Every Wednesday, I hope to find a new ‘weed’ to investigate. My only criterion will be that I will not have deliberately planted the subject of our inquiry. Who knows what we will find…..
Dear Readers, to truly appreciate some plants you need to get down on your hands and knees and really study them. The flowers of red clover are so complicated, so gently unfolding, and so delicately coloured that if they grew at eye level I’m sure we would be more impressed than we are. As I watched this little patch of clover in the cemetery the blooms were continually fumbled by bumblebees, who seemed almost drunk on the nectar. Ah, there are many reasons to love clover of all kinds, but its generosity to pollinators is a long way up the list. And as a child I would sometimes pull the petals from the flowers for the little drop of sweetness at the heart. Nowadays, I’d be a bit more careful about whether the area had been sprayed with biocides.
Red clover is native to the whole of the UK, Europe and Western Asia, and has been naturalised in most of the rest of the world. It is a fodder crop, and, as another member of the nitrogen-fixing pea family, it is often used as a green manure. I love the way that the tousle-headed flowers brighten up a wildflower lawn – in the photo above you can see the clover hanging out with blue self-heal and black medick, and it is often a companion to white clover, birds-foot trefoil and many other plants.
Red clover is said to have a variety of medicinal properties. One, I notice, is as an aid to the symptoms of the menopause. If I’d known this, I’d maybe have collected some from the cemetery as a remedy for my hot flushes. As a young woman, I was completely unprepared for the infernal character of the average hot flush, and the way that they can very effectively destroy that ‘sleeping’ nonsense for four or five years. Fortunately, I am now through the worst (says she, fingers crossed), and am looking forward to the focus and energy that everyone promises me on ‘the other side’ once my oestrogen has been offset by a hearty dose of testosterone. Never underestimate the power of a post-menopausal woman with a bee in her bonnet, that’s what I say.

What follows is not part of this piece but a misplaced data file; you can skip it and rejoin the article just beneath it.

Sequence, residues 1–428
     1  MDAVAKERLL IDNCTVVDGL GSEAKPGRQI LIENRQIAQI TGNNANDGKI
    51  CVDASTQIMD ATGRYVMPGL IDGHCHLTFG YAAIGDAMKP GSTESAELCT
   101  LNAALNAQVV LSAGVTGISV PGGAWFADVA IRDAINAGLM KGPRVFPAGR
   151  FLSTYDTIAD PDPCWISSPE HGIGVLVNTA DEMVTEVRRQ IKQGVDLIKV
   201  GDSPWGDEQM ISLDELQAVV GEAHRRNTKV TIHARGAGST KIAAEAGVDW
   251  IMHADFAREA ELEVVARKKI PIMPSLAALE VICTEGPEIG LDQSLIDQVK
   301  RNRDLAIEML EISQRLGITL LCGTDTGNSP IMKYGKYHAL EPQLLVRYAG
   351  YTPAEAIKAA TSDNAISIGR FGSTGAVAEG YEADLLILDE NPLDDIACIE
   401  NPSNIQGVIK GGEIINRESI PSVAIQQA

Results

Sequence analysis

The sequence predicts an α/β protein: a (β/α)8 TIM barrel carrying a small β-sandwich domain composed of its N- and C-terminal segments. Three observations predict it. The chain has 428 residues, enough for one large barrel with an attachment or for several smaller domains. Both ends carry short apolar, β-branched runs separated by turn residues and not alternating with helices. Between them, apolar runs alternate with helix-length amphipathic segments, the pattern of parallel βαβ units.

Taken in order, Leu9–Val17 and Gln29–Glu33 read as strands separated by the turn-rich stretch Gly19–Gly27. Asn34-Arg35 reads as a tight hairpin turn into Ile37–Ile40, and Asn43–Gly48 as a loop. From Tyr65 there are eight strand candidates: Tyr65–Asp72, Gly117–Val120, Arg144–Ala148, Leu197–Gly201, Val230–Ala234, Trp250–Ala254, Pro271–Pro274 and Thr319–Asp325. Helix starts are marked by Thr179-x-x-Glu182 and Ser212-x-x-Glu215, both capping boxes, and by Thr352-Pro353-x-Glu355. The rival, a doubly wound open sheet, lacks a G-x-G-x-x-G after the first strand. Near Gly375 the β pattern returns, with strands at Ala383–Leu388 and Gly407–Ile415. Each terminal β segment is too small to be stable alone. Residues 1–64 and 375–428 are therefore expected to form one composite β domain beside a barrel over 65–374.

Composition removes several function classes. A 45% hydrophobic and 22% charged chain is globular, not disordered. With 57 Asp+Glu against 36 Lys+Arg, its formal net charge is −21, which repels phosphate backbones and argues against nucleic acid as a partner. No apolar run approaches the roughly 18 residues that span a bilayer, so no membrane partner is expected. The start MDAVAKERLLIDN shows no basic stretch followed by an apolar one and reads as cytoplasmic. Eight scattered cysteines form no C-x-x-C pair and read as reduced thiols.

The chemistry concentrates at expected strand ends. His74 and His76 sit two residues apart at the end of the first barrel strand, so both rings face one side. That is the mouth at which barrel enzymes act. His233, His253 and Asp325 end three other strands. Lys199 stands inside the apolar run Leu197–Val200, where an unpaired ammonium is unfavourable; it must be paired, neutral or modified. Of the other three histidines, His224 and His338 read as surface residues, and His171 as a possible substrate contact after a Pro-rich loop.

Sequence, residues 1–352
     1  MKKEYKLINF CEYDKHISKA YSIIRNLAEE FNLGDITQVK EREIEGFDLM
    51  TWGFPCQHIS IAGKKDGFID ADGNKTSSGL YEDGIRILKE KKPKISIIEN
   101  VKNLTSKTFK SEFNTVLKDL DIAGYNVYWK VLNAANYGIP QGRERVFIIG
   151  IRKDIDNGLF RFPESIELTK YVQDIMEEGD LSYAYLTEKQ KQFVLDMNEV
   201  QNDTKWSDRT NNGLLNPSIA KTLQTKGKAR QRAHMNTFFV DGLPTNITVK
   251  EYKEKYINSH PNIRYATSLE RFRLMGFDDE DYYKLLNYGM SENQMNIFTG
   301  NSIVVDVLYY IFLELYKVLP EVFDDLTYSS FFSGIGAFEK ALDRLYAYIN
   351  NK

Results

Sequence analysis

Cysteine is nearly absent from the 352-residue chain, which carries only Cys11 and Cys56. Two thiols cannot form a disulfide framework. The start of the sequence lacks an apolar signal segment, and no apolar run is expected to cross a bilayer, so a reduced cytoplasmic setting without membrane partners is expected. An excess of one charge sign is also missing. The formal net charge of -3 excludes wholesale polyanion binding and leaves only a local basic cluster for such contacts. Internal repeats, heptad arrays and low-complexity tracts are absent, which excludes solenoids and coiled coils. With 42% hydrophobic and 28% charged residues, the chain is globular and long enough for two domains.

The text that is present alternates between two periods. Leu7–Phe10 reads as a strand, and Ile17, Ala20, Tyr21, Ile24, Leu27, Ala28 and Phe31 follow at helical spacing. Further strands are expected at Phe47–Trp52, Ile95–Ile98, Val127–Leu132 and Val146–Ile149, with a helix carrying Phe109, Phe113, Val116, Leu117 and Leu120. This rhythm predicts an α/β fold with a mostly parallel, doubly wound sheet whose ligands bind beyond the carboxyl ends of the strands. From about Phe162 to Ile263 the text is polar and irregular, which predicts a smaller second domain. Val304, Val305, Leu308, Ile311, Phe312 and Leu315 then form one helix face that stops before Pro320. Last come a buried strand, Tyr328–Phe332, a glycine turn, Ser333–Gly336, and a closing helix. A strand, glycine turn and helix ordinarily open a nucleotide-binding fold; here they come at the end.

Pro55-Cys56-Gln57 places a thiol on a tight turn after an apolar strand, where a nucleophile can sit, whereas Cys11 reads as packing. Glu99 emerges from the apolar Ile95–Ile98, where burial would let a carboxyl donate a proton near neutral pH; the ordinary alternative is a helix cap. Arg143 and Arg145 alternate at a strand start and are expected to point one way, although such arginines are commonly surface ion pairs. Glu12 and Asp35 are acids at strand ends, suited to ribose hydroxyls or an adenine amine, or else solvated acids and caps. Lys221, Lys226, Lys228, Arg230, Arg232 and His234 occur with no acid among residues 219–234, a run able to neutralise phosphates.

You can make a very pleasant tea from red clover flowers. On the Roscommon Acres website, they have gone several steps further and made red clover jelly and red clover wine, though it sounds as if the main benefit is the colour that the blossoms provide rather than the taste. I got rather excited about a cocktail called Red Clover which was on the Absolut Vodka website, but sad to say it contains no red clover at all. On the other hand, red clover lemonade sounds, and looks delicious – have a look at the photos on the Adventuress Heart blog. Just the thing for a summer’s evening. I might even try it myself.
To finish, I would like to include this poem by John Clare. A labourer by birth, Clare composed some of the most closely-observed nature poems ever written. He was a troubled man, who suffered from depression, alcoholism and who was several times incarcerated in an asylum. Here is his poem about our Wednesday Weed. The description could have been written yesterday.
To a Red Clover Blossom
Sweet bottle-shaped flower of lushy red,
Born when the summer wakes her warmest breeze,
Among the meadow’s waving grasses spread,
Or ‘neath the shade of hedge or clumping trees,
Bowing on slender stem thy heavy head;
In sweet delight I view thy summer bed,
And list the drone of heavy humble-bees
Along thy honey’d garden gaily led,
Down corn-field, striped balks, and pasture-leas.
Fond warmings of the soul, that long have fled,
Revive my bosom with their kindlings still,
As I bend musing o’er thy ruddy pride;
Recalling days when, dropt upon a hill,
I cut my oaten trumpets by thy side.
John Clare (1793 – 1864)